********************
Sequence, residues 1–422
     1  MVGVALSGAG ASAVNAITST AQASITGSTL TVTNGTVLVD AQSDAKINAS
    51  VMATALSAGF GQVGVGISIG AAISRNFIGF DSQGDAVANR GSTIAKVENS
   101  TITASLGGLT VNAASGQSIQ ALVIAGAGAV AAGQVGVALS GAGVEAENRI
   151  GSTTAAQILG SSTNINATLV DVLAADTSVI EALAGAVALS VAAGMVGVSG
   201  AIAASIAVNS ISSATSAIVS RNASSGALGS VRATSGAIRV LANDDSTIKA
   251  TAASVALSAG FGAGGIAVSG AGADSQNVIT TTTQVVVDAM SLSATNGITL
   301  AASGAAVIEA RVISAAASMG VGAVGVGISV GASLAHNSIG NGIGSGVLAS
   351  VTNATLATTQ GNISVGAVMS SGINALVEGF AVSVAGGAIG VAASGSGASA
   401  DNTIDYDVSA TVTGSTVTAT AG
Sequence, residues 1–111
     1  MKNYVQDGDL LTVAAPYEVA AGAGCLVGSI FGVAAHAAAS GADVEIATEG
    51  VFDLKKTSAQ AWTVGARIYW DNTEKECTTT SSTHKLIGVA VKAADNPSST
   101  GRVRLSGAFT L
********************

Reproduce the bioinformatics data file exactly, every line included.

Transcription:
Sequence, residues 1–422
     1  MVGVALSGAG ASAVNAITST AQASITGSTL TVTNGTVLVD AQSDAKINAS
    51  VMATALSAGF GQVGVGISIG AAISRNFIGF DSQGDAVANR GSTIAKVENS
   101  TITASLGGLT VNAASGQSIQ ALVIAGAGAV AAGQVGVALS GAGVEAENRI
   151  GSTTAAQILG SSTNINATLV DVLAADTSVI EALAGAVALS VAAGMVGVSG
   201  AIAASIAVNS ISSATSAIVS RNASSGALGS VRATSGAIRV LANDDSTIKA
   251  TAASVALSAG FGAGGIAVSG AGADSQNVIT TTTQVVVDAM SLSATNGITL
   301  AASGAAVIEA RVISAAASMG VGAVGVGISV GASLAHNSIG NGIGSGVLAS
   351  VTNATLATTQ GNISVGAVMS SGINALVEGF AVSVAGGAIG VAASGSGASA
   401  DNTIDYDVSA TVTGSTVTAT AG
Sequence, residues 1–111
     1  MKNYVQDGDL LTVAAPYEVA AGAGCLVGSI FGVAAHAAAS GADVEIATEG
    51  VFDLKKTSAQ AWTVGARIYW DNTEKECTTT SSTHKLIGVA VKAADNPSST
   101  GRVRLSGAFT L